My friend Chandrika brought me a sample of these beautiful lichens from Bangalore, with the hope of finding Tardigrades in them.
We soaked one of the samples in RO water.
After 5-6 hours, with great enthusiasm I started to hunt for tardigrades but no luck! In every single sample I observed, that very familiar guest – a rotifer – came into my field of view. Over the next week I saw in this sample different types of ciliates like Colpoda and Paramoecium.
Then the water dried up. So I added some more RO water and continued observing the water drops. By this time the lichens had started to disintegrate. And then, I saw this purple-coloured thallus!
One of the ciliates seems to be undergoing binary fission! Can anyone help to identify it?
What could this be? Slowly moving like amoeba – exactly how I imagined amoeboid movement in my school days! An amoeba — how did it get into lichens growing on a tree trunk??!!
More rotifers and ciliates! This time a nematode joined in attendance under my Foldscope.
After two days I observed a moving black structure which at first resembled an insect, then I noticed long blunt pseudopodia emerging out of one end! Could it be an Amoeba in a cyst? Internet search hinted it could be a testate Amoeba. Happily, then @laksiyer told us it is a type of testate amoeba called ‘Difflugia’.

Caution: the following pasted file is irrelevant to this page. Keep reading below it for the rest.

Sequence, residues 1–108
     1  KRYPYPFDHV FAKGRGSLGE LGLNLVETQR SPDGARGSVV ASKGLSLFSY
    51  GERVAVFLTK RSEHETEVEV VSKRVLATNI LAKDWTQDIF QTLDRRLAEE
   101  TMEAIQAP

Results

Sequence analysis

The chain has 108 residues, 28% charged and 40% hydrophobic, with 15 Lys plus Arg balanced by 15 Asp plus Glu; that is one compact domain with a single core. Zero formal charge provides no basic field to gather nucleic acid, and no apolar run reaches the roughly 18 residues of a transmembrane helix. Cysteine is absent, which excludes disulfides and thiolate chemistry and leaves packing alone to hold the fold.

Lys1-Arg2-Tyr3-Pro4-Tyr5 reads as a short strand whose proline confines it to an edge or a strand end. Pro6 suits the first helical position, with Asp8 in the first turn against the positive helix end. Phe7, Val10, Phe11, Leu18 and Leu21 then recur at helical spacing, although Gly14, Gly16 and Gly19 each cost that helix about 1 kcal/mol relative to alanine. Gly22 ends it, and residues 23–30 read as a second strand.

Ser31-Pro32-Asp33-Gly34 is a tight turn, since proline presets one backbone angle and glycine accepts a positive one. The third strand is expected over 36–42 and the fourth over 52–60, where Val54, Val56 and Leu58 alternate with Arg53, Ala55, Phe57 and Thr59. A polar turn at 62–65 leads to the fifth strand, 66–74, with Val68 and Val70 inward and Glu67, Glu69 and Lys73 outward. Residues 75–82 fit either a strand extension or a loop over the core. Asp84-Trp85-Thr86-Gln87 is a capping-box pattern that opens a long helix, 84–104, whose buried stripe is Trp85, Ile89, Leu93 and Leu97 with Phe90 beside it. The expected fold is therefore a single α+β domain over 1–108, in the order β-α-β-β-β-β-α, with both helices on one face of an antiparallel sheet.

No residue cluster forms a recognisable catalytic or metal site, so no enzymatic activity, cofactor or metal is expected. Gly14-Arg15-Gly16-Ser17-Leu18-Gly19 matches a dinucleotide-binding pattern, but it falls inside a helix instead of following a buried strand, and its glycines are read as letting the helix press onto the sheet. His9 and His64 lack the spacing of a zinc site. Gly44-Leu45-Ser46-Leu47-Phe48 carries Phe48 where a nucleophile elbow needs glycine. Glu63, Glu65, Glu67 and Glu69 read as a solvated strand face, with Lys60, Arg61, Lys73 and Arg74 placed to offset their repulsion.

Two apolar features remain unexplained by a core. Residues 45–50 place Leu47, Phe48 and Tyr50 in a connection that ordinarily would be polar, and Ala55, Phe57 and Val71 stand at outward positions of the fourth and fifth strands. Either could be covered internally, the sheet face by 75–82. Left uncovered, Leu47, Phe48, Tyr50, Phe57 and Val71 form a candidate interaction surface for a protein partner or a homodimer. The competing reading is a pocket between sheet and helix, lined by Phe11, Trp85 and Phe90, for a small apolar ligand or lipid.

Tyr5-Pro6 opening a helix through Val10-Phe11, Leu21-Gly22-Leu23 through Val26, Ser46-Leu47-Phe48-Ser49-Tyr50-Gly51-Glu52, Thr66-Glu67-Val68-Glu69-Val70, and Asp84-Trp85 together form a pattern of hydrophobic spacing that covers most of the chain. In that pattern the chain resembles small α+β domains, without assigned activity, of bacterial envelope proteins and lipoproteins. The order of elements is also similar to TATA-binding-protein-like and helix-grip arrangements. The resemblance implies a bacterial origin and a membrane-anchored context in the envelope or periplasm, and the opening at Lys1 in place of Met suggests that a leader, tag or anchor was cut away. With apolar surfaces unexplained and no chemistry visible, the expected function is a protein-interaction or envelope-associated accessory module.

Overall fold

Were testate amoebae really found in Lichens? Yes! Said a paper on lichen microfauna from Lithuania, which also suggested the title of this post. Thank you, Ingrida Šatkauskienė!
Along this journey I noticed two remarkable incidents.
The first was a ciliate which had a fine filament trailing behind it. Was it a fungal filament from the lichen, stuck on the cilia of the ciliate?
The second was a dynamic drama between a rotifer and ciliates! In this video you see a rotifer rapidly grabbing and swallowing ciliates. Do you think the ciliates are attacking the rotifer too?
Though I did miss the Tardigrades, I thoroughly enjoyed the wonderful new discoveries hidden in this sample!